India and Afghanistan in the Post 2014 Scenario
By Shaun Tandon (AFP), May 31, 2012
WASHINGTON — India called for greater coordination with the United States on Afghanistan, voicing fear that Islamic radicals would gain strength once Western forces pull out.
NATO leaders in a May 21 summit in Chicago committed to pulling combat troops out of Afghanistan by the end of 2014 as Western nations grow tired of more than a decade of war and pessimistic on the chances of further progress.
India is one of the most vocal supporters of continued engagement and has given Afghanistan more than $2 billion since the US-led invasion in 2001 overthrew the Taliban regime, which sheltered virulently anti-Indian militants.
Ahead of high-level annual talks between India and the United States on June 13, Nirupama Rao, New Delhi's ambassador to Washington, said the two nations have been holding talks on building "a stable, democratic and prosperous Afghanistan."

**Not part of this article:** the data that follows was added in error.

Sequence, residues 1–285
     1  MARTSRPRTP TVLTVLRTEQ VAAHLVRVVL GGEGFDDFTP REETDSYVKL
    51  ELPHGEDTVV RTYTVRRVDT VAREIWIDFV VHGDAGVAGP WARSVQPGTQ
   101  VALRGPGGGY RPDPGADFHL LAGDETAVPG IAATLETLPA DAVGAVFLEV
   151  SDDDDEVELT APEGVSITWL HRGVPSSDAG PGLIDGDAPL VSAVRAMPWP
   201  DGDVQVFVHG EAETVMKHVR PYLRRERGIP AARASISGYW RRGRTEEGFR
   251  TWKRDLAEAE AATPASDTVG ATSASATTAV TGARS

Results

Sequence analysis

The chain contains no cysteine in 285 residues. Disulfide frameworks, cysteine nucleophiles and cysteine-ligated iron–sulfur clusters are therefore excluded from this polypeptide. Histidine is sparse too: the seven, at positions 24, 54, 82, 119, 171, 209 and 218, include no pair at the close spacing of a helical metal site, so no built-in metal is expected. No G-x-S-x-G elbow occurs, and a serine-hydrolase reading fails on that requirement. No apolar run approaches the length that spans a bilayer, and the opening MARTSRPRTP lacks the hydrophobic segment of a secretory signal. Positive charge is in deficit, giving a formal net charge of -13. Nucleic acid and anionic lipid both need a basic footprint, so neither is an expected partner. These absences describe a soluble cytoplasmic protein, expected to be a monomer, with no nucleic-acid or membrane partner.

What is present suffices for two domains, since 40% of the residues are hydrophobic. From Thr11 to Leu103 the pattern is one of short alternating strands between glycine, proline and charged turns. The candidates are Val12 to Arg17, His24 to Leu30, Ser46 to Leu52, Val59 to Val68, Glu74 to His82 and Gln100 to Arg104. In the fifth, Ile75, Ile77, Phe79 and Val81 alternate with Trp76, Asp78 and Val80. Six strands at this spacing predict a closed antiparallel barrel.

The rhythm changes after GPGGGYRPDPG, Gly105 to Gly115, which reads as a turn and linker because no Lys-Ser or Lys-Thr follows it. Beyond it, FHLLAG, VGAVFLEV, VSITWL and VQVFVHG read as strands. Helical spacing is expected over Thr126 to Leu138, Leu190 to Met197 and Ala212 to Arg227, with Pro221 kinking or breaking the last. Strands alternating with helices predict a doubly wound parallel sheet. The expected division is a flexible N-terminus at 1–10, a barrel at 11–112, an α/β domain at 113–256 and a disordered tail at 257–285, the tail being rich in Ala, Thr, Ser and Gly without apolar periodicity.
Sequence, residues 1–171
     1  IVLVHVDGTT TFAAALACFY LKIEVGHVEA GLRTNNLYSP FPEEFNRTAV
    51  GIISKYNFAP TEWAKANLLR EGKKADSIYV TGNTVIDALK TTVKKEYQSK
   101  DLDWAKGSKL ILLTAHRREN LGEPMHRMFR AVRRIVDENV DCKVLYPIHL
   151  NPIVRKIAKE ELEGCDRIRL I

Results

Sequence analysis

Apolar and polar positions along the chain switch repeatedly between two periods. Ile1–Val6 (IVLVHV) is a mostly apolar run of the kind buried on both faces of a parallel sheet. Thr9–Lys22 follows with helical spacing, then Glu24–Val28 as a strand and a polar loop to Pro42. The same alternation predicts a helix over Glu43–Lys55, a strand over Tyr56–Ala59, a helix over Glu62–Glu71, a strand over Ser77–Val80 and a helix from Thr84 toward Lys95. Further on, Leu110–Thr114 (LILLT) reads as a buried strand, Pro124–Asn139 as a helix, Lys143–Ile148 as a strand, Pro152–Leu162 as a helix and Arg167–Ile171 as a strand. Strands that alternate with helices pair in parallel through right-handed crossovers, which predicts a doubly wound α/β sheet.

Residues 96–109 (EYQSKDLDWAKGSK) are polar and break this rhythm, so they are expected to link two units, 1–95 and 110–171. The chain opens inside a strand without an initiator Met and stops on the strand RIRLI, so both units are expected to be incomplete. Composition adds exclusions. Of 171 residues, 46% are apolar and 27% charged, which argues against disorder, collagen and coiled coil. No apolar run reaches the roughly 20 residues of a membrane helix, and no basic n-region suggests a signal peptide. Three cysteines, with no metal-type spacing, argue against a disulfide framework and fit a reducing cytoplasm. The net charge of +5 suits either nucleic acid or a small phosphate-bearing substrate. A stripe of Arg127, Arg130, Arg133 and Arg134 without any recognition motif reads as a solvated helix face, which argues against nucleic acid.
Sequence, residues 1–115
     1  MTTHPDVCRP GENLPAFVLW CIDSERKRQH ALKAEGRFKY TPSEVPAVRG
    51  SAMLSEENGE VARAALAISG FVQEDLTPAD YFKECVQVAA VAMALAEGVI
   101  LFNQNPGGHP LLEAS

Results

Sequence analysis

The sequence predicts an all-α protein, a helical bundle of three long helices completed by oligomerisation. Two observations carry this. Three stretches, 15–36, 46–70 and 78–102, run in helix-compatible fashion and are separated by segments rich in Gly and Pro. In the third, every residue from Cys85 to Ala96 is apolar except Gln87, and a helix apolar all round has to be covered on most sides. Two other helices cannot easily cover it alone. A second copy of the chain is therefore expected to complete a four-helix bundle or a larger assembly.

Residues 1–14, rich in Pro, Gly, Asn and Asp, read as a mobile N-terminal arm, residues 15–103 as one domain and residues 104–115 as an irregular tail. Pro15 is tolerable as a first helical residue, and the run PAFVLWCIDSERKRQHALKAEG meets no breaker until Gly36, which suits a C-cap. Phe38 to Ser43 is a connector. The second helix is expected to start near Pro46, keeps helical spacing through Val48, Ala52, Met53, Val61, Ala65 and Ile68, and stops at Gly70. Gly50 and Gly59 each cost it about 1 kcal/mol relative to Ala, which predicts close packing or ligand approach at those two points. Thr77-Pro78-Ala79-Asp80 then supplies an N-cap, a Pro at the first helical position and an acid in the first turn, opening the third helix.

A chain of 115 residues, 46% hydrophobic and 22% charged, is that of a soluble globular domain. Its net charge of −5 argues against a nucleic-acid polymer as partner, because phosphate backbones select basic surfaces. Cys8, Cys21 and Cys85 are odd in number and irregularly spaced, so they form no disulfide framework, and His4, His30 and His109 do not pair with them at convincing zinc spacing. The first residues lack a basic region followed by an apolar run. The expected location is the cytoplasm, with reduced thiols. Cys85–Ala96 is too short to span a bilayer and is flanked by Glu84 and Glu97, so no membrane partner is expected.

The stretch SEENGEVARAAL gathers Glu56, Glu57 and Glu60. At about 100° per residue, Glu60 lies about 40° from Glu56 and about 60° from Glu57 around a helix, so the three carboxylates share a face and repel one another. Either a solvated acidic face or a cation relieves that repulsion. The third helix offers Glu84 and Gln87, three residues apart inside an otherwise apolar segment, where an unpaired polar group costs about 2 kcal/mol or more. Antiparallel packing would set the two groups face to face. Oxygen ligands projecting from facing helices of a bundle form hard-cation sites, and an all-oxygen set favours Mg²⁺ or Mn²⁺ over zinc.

"These consultations must be strengthened," Rao said at the Atlantic Council, a think tank.
"We understand that after 10 long years of war there is a manifest and genuine desire to seek an end to conflict. But equally, we must ensure that the enormous sacrifices and efforts of the past decade have not been in vain," she said.
"Given the history of the last few decades in Afghanistan and the tide of extremism and radicalism that has swept across that country to the great detriment of its men, women and children, one cannot but help be concerned about what the future holds for that country" after the NATO pullout, she said.
India's involvement in Afghanistan has enraged neighboring Pakistan, which helped create the Taliban regime and accuses its historic rival of seeking to encircle it.
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